What matters most to the majority of northerners is jobs. The mines, the staking and exploration, the Yellowknife plants that cut and polish the gemstones, the suppliers, the winter-road builders, the air-transport operations and the charters that ferry workers in and out all add up to thousands of jobs that were not available only a decade ago.
"Having work is what it's all about," says Hughie Osmond, who works in the control room overseeing the complicated sorting process. From Port-aux-Basques in Newfoundland, he has moved from a low-paying job in a meat plant to making $100,000 a year. "Nobody," he says, "makes that back home."
As for the development, even with the many environmental concerns that come with mining, Mr. Osmond says. "It's a good thing as far as I'm concerned."
A good thing, too, as far as many northern aboriginals are concerned. The Diavik mine has entered agreement with various neighbours -- the Dogrib Treaty 11 Council, Yellowknife Dene First Nation, the North Slave Métis Alliance, the Kitikmeot Inuit Association and the Lutselk'e Dene Band -- that involves everything from contracting out to training. The commitment is to have 66 per cent of the work force from the North, with 35 per cent aboriginal. Diavik says it now exceeds both commitments and has pumped $233-million into the territorial economy since the mine was constructed, three quarters of that going to northern businesses.
The big money, the billions, goes out, much to the growing concern of Premier Joe Handley and the government of the Northwest Territories. Mr. Handley claims that, since 2004, $286-million in royalties have been paid by the diamond operations to Ottawa, as the mines are on federal Crown land. The Northwest Territories, says Mr. Handley, received "not one cent" in return.
Over the coming two decades, Mr. Handley says, Ottawa will collect $23-billion in taxes and royalties from the companies that are moving in to exploit the territory's rich natural resources, diamonds being relatively small, compared with the potential money involved in oil and gas. No surprise, Mr. Handley is hoping the provincial status promised by former prime minister Paul Martin comes along faster than expected -- something various aboriginal groups will oppose -- and if not, then he wants to be treated as a province and given a proportion of those royalties similar to what Newfoundland and Labrador collects from offshore oil. The priority for him is not so much becoming a province, but keeping a share of the current and coming boom.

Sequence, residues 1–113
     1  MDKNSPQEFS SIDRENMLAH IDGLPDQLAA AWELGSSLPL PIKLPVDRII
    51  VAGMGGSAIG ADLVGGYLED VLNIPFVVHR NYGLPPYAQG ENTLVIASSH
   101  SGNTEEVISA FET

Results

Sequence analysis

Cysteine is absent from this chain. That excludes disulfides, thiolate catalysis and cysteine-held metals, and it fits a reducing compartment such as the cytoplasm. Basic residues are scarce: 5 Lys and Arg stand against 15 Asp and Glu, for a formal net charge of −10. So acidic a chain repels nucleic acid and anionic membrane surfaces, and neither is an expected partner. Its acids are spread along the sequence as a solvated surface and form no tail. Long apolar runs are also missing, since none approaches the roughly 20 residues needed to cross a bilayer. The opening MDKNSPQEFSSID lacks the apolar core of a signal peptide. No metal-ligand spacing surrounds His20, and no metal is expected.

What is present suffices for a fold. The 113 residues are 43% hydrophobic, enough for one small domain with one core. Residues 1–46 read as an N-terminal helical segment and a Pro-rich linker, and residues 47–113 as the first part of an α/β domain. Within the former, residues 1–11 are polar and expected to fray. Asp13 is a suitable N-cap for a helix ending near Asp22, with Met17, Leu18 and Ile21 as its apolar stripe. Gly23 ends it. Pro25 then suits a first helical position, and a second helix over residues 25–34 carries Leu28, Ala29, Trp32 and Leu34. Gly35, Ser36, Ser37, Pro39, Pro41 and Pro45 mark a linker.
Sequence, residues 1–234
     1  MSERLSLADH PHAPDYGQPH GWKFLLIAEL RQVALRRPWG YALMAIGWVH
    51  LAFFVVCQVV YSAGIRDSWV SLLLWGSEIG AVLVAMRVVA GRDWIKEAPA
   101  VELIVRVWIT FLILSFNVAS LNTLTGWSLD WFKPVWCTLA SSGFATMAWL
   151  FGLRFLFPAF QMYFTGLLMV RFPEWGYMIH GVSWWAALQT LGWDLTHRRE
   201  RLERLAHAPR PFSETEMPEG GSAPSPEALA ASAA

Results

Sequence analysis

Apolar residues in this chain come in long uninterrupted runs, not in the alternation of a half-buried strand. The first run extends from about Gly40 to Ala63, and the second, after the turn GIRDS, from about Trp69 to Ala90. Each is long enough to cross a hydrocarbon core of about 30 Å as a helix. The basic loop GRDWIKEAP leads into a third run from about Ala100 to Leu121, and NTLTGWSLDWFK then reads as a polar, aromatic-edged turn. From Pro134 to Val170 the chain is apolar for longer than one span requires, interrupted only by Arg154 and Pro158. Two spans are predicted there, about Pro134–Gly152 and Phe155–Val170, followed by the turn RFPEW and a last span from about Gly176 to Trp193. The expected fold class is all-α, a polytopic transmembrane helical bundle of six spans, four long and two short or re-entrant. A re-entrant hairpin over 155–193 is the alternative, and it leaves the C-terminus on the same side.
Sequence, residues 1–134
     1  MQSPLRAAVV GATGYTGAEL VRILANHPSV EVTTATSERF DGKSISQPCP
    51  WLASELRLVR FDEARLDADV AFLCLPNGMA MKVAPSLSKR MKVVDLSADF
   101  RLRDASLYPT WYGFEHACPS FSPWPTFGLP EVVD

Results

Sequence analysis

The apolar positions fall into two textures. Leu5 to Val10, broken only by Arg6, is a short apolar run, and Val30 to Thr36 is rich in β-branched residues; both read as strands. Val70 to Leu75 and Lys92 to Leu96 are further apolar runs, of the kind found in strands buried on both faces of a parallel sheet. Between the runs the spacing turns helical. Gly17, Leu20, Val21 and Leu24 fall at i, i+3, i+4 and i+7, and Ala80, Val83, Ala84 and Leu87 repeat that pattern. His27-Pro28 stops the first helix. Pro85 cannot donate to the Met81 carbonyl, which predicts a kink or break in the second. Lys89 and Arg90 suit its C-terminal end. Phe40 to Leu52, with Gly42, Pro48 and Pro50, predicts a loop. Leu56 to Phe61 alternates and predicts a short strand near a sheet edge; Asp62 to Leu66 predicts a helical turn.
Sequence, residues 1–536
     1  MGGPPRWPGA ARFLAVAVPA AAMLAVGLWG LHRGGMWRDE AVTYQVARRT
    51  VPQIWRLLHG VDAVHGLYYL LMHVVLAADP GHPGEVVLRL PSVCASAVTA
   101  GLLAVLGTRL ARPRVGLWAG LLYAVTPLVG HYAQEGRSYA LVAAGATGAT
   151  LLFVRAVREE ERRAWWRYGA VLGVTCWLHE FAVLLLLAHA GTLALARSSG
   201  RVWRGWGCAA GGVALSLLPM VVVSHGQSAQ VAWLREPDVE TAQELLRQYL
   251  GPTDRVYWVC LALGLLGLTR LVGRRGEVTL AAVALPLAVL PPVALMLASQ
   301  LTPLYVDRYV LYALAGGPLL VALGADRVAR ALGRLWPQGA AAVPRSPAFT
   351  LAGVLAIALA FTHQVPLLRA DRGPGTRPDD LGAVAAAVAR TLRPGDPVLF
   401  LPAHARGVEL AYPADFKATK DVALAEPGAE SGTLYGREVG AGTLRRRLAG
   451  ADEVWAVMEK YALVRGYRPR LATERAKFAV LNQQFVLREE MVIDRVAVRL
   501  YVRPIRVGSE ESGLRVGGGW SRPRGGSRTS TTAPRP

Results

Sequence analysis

Mr. Handley's argument is that the North desperately needs such funding for infrastructure. Global warming, for example, seriously threatens the all-important winter roads -- only one-third of expected truck shipments made it in and out from the Diavik operation last winter -- and permanent roads and bridges are a priority if exploration and development are to continue apace.
Mr. Handley's dream is that before these next two decades are out, the 45,000 residents of the Northwest Territories -- and whatever new arrivals come over that period -- evolve into "the wealthiest jurisdiction in Canada." NWT is currently second to Nunavut in per capita grants under the controversial equalization formula. The Premier says that, given the current economic boil there, it is not beyond the realm of possibility that the Territories, hopefully as a full province, could become a "have" contributor to equalization, with money flowing from the booming region into the poorer areas of the country just as it does today from wealthy Ontario and Alberta.
Such dreams, however, are far, far off, if not far-fetched.
What matters for the moment, to the people who are already in the Northwest Territories, is that whatever boom comes of all this does not personally pass them by.
Barry Sanderson, the Diavik chef, has been there from the very beginning, cooking for the operation from a time when today's massive and modern camp was but a few trailers and tents on the big island natives call Ek'adi, "Fat Island."
He can recall looking out the cookery trailer and seeing caribou moving. He has seen wolverine and fox. He rarely, if ever, sees any wildlife at all these days. He often wonders how much development will come to this isolated part of the world, and at what cost.
"I don't agree with it," he says, "but it's work."
Back in Behchoko, the tiny Dogrib village along the North Arm of Great Slave Lake, Patrick Adzin nods in agreement.
"I like it better in the bush," he says, as he spits a final nail onto the palm of his free hand.
He lived entirely in the bush until he was 18, hunting and trapping in fall and winter, fishing all summer. The family lived around the Slave River, moving often in a lifestyle that he knows is no longer possible.
Today he has his own cabin on the Slave River, a place where he often heads on his two weeks off from working the Ekati diamond mine just north of where Mr. Sanderson works at Diavik.
He has his home. He supports his own family, his mother-in-law, Elisabeth, and even another Dogrib elder.
He has a truck and a four-wheel all-terrain vehicle. He has a snowmobile. He can afford the gasoline that will take him back, every two weeks, to where he came from.
"I guess for me it's the best of both worlds," he says.
And scoops up another mouthful of nails to begin stretching the next beaver pelt.